In the early morning hours, SpaceX is set to launch its seventh crewed mission to orbit, this time sending three NASA astronauts and an Italian astronaut to the International Space Station. Their launch will spark the beginning of a six-month stay on board the ISS, part of SpaceX’s commitment to NASA to periodically fly astronauts to and from the orbiting lab.
The mission, called Crew-4, is SpaceX’s fourth operational human spaceflight mission to the ISS for NASA. The company has been flying NASA astronauts to the space station as part of the agency’s Commercial Crew Program, an initiative to use privately made spacecraft to ferry crews to low Earth orbit. SpaceX launched its first crew to the ISS on the company’s Crew Dragon spacecraft in 2020 and has been getting into a steady rhythm with follow-up crewed missions ever since.
On board this flight are two veteran flyers: NASA astronaut Kjell Lindgren and Italian astronaut Samantha Cristoforetti from the European Space Agency, who have both visited the International Space Station before. They’ll be joined by two rookie flyers for this trip, including NASA astronauts Jessica Watkins and Bob Hines, both of whom were selected to be astronauts in 2017. Watkins will also be making history with her flight, as she’ll be the first Black woman to live as a long-term crew member on the space station.
“This is certainly an important milestone, I think both for our agency and for the country,” Watkins said of her flight. “And I think it’s really just a tribute to the legacy of the Black women astronauts that have come before me, as well as to the exciting future ahead. And so I’m honored to be just a small part of that legacy moving forward.”
Crew-4 is taking place less than two days after SpaceX brought back another crew of four from the space station, though that crew did not include any government flyers. On April 8th, SpaceX launched four private astronauts to the ISS on a Crew Dragon for the commercial aerospace company Axiom Space, which has contracted with SpaceX to launch a series of human spaceflight missions to the space station. The majority of the Axiom flyers each paid a reported $55 million for their seat on the Crew Dragon, agreeing to conduct experiments while aboard the station and helping Axiom develop protocols for launching people to private space stations in the future.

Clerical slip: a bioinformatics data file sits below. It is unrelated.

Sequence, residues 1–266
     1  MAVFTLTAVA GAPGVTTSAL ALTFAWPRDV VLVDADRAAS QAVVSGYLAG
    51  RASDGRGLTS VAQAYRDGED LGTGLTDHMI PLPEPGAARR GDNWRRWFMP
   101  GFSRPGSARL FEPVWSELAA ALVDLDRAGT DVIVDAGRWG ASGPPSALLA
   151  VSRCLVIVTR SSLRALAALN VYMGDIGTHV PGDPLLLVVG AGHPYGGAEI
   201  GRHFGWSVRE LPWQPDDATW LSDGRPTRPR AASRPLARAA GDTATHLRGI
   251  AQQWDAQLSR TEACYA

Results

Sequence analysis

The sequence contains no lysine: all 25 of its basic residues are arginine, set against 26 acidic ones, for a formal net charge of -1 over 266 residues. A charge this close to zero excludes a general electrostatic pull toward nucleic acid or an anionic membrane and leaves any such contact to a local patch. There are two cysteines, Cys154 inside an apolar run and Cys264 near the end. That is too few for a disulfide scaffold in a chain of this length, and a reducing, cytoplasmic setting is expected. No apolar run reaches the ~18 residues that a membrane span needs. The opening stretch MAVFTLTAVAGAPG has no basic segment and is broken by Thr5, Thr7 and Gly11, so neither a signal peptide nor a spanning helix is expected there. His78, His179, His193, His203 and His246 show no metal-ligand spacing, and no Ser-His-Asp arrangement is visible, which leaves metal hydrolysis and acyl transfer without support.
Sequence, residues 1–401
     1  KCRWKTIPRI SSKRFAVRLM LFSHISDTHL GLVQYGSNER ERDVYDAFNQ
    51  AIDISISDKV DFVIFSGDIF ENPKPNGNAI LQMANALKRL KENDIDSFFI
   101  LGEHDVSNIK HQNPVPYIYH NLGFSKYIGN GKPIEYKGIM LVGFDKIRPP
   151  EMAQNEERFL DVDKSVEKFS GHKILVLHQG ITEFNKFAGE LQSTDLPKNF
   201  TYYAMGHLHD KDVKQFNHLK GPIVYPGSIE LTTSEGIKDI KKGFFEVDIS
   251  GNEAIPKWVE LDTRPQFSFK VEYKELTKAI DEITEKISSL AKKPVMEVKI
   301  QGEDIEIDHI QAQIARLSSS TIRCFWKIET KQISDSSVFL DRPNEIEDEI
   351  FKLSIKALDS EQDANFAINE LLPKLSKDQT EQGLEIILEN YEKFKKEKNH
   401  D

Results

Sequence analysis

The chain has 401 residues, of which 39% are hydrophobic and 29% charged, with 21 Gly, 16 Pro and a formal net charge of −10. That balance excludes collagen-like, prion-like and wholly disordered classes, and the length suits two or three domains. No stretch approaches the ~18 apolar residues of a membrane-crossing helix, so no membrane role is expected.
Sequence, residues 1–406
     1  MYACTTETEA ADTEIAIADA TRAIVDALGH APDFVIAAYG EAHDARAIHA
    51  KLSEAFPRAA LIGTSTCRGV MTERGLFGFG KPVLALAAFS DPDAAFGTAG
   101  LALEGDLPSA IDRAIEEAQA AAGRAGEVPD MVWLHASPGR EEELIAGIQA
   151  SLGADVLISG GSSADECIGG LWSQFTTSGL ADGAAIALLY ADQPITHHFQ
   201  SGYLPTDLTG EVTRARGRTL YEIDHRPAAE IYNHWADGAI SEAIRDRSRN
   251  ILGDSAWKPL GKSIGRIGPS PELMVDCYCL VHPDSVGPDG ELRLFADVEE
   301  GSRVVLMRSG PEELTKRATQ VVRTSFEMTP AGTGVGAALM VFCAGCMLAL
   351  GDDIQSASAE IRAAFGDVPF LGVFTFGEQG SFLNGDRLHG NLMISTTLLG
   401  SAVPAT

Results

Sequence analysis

The Axiom astronauts were supposed to return to Earth after an eight-day visit to the ISS, but their journey home was delayed by a week due to bad weather around Florida where they needed to splashdown. As the Axiom flight stretched, NASA had to push back the launch of Crew-4, as the agency wanted about two days to get ready between splashdown and launch. Finally, the Axiom crew was able to come home on Monday afternoon, paving the way for Crew-4 to launch on Wednesday morning.
Once Crew-4 is at the space station, they’ll join three Russian cosmonauts, three NASA astronauts, and a German astronaut from the European Space Agency already living on the ISS. The NASA astronauts and ESA astronaut will help familiarize the incoming crew with the ISS before returning home on a SpaceX Crew Dragon of their own. They’re part of NASA and SpaceX’s Crew-3 mission, which launched to the space station in November and is now coming to an end.
Crew-4 is set to launch at 3:52AM ET on top of SpaceX’s Falcon 9 rocket out of the company’s launchpad at NASA’s Kennedy Space Center. NASA plans to provide launch coverage starting at midnight ET on Wednesday morning.